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Question 27. Can fallopian tubes be repaired and why would a blocked tube be an issue if I am doing IVF anyway?

Posted Jun 02 2010 1:13pm
Not sure that anyone really missed me over these past 2 weeks but I was out of town for several days and am trying to catch up. This past weekend was my 25th Reunion for Princeton (see DrG in the photo with 2 of his college roomies). Note the traditional Reunion Blazer that is provided to all members of the class to wear at all Princeton events. As always, Princeton Reunions is an event that has to be seen to be believed. Needless to say, orange and black are not the most flattering colors (except at Halloween). So after overdosing on Princeton I am back and ready to catch up with my blog.

Several patients have posted regarding repairing fallopian tubes. In general, most of us have moved away from surgery and towards IVF. However, it is important to know where the blockage is in such cases. Tubes that simply fail to fill on an HSG can be further assessed by fluoroscopic tubal canalization...essentially a Roto-Rooter job performed by an interventional radiologist that is often 80-90% successful at getting a blocked tube open. Repairing the delicate end of the tube (the fimbria) is more problematic and there is a significant risk of ectopic pregnancy in such cases.

So here is today's Question of the Day from the upcoming 2nd Edition of 100 Questions and Answers about Infertility
27. Can fallopian tubes be repaired and why would a blocked tube be an issue if I am doing IVF anyway?

Prior to the advent of IVF, surgical repair of damaged fallopian tubes was considered standard medical care. Unfortunately, most patients did not become pregnant following this procedure, and 10% to 20% experienced tubal (ectopic) pregnancies. Today, IVF has replaced reparative tubal surgery for most patients with damaged fallopian tubes for two reasons: (1) IVF is a nonsurgical treatment and (2) it results in excellent pregnancy rates, especially for patients with tubal disease.

Some patients ask, “Why is it so difficult to repair damaged tubes?” Unfortunately, the problems that cause tubal disease, such as pelvic infections, usually damage the tubal fimbria—that is, the delicate finger-like projections at the end of the tube that are responsible for capturing the egg when it is released from the ovary. Pelvic infections may also damage the entire thickness of the tube from the tubal muscle to the inner mucosal layer, leaving behind a scarred, nonfunctional organ that is not amenable to surgical repair.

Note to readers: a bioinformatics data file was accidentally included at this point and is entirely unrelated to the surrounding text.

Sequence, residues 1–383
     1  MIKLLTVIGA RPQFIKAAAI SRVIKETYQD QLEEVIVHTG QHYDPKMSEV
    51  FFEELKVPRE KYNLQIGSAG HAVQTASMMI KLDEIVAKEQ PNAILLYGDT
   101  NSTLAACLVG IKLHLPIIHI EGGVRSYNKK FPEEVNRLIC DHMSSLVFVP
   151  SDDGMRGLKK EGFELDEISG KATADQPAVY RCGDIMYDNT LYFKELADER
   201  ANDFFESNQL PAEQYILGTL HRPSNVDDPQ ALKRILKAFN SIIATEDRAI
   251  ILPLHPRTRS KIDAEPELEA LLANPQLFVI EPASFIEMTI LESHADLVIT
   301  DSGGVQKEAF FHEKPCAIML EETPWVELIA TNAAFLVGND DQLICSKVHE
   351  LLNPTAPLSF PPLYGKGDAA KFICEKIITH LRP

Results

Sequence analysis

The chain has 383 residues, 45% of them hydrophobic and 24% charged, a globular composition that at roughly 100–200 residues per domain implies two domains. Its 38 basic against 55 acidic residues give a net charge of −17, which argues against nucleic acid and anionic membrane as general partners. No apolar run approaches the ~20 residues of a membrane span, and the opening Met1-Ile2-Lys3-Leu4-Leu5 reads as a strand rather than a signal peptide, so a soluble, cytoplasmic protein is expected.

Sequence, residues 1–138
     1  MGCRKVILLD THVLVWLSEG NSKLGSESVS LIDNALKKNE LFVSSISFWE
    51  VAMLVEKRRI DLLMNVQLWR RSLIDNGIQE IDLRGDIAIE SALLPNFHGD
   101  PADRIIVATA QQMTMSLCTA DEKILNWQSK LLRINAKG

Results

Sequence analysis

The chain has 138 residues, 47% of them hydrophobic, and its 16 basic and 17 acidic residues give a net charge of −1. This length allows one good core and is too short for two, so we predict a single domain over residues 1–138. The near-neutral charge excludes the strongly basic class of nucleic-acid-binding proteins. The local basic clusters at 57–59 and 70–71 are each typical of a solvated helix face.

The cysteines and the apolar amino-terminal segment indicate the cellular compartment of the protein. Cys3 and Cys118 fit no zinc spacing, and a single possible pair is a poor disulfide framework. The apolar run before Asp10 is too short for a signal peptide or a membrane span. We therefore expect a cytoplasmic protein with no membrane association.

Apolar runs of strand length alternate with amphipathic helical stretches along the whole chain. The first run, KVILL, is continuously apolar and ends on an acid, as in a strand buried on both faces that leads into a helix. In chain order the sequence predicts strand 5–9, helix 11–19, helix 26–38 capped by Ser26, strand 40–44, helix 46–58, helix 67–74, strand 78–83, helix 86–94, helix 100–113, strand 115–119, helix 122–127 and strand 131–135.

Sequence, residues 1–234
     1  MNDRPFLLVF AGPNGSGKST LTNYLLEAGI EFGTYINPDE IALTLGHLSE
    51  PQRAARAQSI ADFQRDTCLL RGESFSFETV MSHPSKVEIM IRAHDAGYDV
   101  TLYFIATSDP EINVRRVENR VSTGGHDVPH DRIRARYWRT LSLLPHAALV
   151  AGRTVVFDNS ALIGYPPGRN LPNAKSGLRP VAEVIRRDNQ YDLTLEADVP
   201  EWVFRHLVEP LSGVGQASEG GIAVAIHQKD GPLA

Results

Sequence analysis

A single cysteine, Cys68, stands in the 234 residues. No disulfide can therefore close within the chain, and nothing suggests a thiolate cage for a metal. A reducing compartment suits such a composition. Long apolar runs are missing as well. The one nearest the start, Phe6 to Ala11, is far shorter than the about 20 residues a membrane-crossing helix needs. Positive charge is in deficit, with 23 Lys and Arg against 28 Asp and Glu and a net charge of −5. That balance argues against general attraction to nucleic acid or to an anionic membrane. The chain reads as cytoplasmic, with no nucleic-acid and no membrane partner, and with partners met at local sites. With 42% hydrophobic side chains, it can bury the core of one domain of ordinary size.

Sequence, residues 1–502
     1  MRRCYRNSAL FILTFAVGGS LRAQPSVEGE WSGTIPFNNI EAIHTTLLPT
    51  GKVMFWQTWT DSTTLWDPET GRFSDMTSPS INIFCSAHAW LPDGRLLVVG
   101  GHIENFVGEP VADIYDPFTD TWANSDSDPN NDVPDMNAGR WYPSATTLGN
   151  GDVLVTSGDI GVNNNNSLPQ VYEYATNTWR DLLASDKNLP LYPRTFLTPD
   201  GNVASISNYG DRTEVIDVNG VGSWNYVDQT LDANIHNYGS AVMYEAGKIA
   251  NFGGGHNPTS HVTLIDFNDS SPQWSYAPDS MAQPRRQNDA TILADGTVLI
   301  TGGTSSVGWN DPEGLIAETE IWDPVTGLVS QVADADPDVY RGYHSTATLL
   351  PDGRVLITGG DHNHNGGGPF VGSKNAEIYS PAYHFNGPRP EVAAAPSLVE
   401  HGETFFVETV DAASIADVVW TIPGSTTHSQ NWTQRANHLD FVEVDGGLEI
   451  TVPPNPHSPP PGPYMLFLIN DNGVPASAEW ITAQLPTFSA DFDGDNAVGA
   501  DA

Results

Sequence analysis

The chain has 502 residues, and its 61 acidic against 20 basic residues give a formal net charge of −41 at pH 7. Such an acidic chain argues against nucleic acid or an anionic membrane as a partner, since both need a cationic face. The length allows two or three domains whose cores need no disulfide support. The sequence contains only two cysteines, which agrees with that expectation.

In general, most patients with tubal disease are best treated using IVF. Tubal reparative surgery is usually not effective and, in fact, it may increase the woman’s risk for having an ectopic or tubal pregnancy. If a couple is not interested in IVF or if they are not deemed to be good candidates for IVF, then tubal surgery may be the only option available to them in terms of fertility treatment.

Damage to the fimbria of the fallopian tubes may result in a tube that is blocked at the very distal end—the part farthest away from the uterus. A tube that becomes filled with fluid is called a hydrosalpinx (“hydro” refers to water; “salpinx” refers to the fallopian tube itself). A hydrosalpinx is usually discovered during a hysterosalpingogram (HSG) performed as part of the infertility diagnostic evaluation. This simple x-ray study should be performed in all infertile women unless a diagnostic laparoscopy has already been performed as some assessment of the status of the fallopian tubes is a key part of the fertility evaluation. We advise all patients undergoing a laparoscopy that we recommend removal or ligation of her tube(s) if a hydrosalpinx is discovered.

Over the past decde many studies have demonstrated reduced IVF pregnancy rates in patients who have a hydrosalpinx. It has been theorized that the fluid in the tube may flow backward into the uterine cavity. This fluid may contain toxic substances that may adversely affect the receptivity of the endometrium preventing implantation. Alternatively, the fluid may actually flush the embryo out of the cavity or even prove toxic to the embryo itself. Some studies suggest that the presence of an untreated hydrosalpinx will reduce IVF pregnancy rates by 50%.

In addition, an untreated hydrosalpinx may increase the chance that a woman will experience a spontaneous abortion or miscarriage. For all these reasons, treating a hydrosalpinx should both increase the IVF pregnancy rate and decrease the chances for an early pregnancy loss. A patient with a single normal fallopian tube and a hydrosalpinx will also have a higher chance of achieving a spontaneous pregnancy after removal or ligation of the damaged tube.
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